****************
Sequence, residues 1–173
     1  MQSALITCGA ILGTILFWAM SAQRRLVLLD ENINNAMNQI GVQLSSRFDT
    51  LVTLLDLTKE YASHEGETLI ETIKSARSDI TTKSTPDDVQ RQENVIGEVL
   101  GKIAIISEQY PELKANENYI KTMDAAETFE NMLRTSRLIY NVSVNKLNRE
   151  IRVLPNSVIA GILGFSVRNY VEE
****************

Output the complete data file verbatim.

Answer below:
Sequence, residues 1–173
     1  MQSALITCGA ILGTILFWAM SAQRRLVLLD ENINNAMNQI GVQLSSRFDT
    51  LVTLLDLTKE YASHEGETLI ETIKSARSDI TTKSTPDDVQ RQENVIGEVL
   101  GKIAIISEQY PELKANENYI KTMDAAETFE NMLRTSRLIY NVSVNKLNRE
   151  IRVLPNSVIA GILGFSVRNY VEE